With the Red Sox declining his option, Richards — who turns 34 in May — will once again be hitting the open market. He will, however, be receiving $1.5 million in the form of a buyout.

By electing to not pick up the options on either of Perez’s or Richards’ contracts, the Sox now have one more option-related decision to make before 5 p.m. eastern time on Sunday with catcher Christian Vazquez and his $7 million team option for 2022 hanging in the balance.

On top of that, Boston must also decide if they will be extending an $18.4 million qualifying offer to any player who is eligible for one, such as free agent left-hander Eduardo Rodriguez or veteran slugger J.D. Martinez if he opts out of the final year of his contract.

(Picture of Garrett Richards: Adam Glanzman/Getty Images)

Red Sox add Matt Barnes to ALDS roster after Garrett Richards suffers left hamstring strain

Before taking on the Rays in Game 2 of the American League Division Series at Tropicana Field on Friday night, the Red Sox made a slight change to the composition of their bullpen.

After requesting and receiving approval from Major League Baseball to make a substitution, the Sox replaced right-hander Garrett Richards on their ALDS roster with fellow righty Matt Barnes, the club announced earlier Friday evening.

Richards, who was used in relief of Eduardo Rodriguez in Thursday’s loss to Tampa Bay, needed all of three pitches to get Randy Arozarena to ground out to retire the side in the second inning.

Since he was diagnosed with a left hamstring strain, though, Richards had to be removed from Boston’s roster. Per Major League Baseball’s postseason rules, the 33-year-old would not be eligible to participate in the American League Championship Series. He would, however, be available for the World Series if the Sox were to make it that far.

Barnes, on the other hand, was initially left off the Red Sox’ ALDS roster as a healthy scratch so that three left-handers (Austin Davis, Martin Perez, Josh Taylor) could be available out of the bullpen.

Despite not being named to the roster, Barnes still traveled with the Sox to St. Petersburg in the event that he would be needed due to an injury elsewhere, which turns out to be the case.

For how impressive of a start Barnes got his season off to — in which he netted himself a two-year, $18.75 million contract extension while being named to his first career All-Star team — the latter half of his year was full of struggles.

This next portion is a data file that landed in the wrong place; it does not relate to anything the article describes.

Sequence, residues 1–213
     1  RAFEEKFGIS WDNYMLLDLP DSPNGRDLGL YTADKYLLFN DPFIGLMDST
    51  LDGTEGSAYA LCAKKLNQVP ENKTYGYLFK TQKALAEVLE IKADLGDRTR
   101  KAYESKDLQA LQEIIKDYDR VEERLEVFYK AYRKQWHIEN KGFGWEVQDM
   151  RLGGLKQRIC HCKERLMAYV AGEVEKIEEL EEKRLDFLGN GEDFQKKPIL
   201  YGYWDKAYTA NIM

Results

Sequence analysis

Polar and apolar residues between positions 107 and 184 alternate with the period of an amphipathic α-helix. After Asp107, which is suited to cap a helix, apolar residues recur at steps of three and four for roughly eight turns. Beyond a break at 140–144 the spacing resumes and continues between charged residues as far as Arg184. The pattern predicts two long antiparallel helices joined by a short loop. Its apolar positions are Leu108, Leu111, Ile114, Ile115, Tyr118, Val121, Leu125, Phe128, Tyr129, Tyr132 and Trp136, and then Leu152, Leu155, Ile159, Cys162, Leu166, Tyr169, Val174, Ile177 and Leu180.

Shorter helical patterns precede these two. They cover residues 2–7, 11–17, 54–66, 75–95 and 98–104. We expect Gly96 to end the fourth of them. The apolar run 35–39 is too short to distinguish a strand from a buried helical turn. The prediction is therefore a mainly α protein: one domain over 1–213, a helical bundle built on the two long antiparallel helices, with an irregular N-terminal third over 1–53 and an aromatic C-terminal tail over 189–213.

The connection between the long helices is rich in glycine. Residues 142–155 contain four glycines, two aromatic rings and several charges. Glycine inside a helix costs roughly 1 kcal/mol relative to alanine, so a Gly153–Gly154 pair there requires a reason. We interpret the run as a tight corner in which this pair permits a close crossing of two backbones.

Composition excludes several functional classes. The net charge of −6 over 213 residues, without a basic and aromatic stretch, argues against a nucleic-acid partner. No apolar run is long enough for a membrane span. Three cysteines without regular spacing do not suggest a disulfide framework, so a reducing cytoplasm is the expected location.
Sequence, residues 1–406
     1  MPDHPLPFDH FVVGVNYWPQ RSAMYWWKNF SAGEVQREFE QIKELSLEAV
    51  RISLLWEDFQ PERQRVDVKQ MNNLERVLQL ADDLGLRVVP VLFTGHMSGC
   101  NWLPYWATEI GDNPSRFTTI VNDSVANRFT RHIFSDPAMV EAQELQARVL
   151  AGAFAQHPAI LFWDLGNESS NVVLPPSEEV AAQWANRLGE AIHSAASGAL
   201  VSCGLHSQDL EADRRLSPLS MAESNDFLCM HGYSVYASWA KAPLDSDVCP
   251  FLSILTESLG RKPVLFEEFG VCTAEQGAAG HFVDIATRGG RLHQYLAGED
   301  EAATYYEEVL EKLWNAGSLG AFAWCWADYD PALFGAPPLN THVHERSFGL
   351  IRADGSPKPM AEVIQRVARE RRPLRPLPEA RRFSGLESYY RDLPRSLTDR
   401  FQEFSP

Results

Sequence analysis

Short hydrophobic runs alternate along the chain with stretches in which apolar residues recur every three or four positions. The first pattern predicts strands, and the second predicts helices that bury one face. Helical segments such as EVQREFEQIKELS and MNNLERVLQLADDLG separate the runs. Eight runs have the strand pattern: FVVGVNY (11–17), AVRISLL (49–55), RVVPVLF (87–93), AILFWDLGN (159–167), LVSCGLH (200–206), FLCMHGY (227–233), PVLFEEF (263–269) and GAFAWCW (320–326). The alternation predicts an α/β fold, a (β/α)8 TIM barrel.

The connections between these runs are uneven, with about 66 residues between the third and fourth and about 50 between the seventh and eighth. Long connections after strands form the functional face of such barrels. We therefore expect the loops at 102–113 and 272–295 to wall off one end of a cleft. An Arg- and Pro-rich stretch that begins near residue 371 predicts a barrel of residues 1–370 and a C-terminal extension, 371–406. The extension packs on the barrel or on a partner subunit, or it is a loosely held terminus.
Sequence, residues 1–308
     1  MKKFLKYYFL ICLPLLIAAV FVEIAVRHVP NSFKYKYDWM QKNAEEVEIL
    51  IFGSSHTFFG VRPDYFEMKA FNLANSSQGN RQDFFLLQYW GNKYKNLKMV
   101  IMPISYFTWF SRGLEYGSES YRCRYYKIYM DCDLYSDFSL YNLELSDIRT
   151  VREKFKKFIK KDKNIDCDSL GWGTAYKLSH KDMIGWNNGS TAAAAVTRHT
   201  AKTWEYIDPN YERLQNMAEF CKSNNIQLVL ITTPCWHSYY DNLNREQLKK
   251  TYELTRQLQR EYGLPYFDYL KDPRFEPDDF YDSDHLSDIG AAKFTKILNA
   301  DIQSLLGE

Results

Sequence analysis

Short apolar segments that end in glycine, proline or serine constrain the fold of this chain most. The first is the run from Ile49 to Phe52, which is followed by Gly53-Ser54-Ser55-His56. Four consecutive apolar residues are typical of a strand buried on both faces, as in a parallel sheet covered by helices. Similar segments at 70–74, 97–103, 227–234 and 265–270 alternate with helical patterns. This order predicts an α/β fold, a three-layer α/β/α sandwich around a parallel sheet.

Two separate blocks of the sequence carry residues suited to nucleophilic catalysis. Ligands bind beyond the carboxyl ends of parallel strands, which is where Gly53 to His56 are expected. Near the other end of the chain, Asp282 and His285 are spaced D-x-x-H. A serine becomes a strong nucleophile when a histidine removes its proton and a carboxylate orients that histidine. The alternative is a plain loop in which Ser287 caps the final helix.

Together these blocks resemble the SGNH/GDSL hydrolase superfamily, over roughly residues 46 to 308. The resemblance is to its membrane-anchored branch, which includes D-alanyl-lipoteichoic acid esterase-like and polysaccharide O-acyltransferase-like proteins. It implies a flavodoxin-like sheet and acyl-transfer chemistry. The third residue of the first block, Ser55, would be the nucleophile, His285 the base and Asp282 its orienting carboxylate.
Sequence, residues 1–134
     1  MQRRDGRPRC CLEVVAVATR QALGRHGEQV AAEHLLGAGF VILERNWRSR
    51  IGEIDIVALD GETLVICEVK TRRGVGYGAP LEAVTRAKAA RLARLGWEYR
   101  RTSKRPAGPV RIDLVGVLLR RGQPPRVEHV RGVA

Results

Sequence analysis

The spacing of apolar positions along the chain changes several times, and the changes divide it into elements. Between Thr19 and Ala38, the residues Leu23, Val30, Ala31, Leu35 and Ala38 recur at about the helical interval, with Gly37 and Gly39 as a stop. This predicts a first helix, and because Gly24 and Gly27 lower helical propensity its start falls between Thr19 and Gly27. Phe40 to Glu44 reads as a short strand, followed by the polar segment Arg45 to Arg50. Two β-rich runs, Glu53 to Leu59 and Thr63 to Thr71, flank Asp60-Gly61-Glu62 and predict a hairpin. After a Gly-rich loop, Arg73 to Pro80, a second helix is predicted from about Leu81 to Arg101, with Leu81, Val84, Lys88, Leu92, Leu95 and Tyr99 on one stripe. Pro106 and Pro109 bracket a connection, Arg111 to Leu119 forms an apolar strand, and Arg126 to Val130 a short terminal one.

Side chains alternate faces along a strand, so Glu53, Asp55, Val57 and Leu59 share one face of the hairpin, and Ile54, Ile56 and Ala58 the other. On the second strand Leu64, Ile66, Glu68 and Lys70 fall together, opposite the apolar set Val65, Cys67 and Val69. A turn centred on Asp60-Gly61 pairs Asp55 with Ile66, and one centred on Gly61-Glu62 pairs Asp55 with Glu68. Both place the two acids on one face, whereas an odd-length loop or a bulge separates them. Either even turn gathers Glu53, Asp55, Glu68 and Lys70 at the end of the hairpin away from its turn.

Over the final two-plus months of the regular season, the 31-year-old fireballer posted a dismal 9.26 ERA and 7.11 FIP in 17 appearances (11 2/3 innings pitched) out of the Boston bullpen. He also missed a significant amount of time during that stretch after testing positive for COVID-19 in late August.

As noted by’s Chris Cotillo, Barnes is available out of the bullpen for Friday’s contest against the Rays.

(Picture of Matt Barnes: Billie Weiss/Boston Red Sox/Getty Images)

Late rally lifts Red Sox to 5-3 victory over Nationals after Tanner Houck tosses 5 scoreless innings

It took nearly four hours to complete, but the Red Sox managed to hold off the Nationals on Saturday afternoon to ensure that their season will extend beyond Sunday one way or the other.

Powered by a four-run outburst in the ninth inning, Boston outlasted Washington by a final score of 5-3 at Nationals Park, marking their second straight win that tightens their grip on one of the two American League Wild Card spots.

The Sox did not announce a starter for Saturday’s contest until a few hours before first pitch, but who they ultimately rolled with — Tanner Houck — turned in quite the outing to put the finishing touches on his rookie season.

Houck, making his first start since September 17, twirled five perfect innings in which he kept the Nationals off the scoreboard while striking out eight and walking none in the process of retiring each of the first 15 batters he faced in order.

The right-hander got through those five flawless frames on just 53 pitches (39 strikes), but given the fact he had just thrown 41 pitches this past Tuesday, the 25-year-old’s day came to an end as soon as he recorded the final out of the fifth.

In the process of witnessing Houck put together a bid at a perfect game, the Red Sox got very little production out of their lineup while matched up against Nationals starter Josiah Gray.

Rafael Devers put Boston on the board by crushing his 36th home run of the season off Gray with two outs in the top of the fourth, but that was all they could push across while Houck was still on the mound.

In relief of Houck, Garrett Richards got the first call from Red Sox manager Alex Cora out of the Boston bullpen, and he saw the combined perfect game bid come to a close when he issued a two-out single to the pinch-hitting Gerardo Parra in an otherwise clean sixth inning.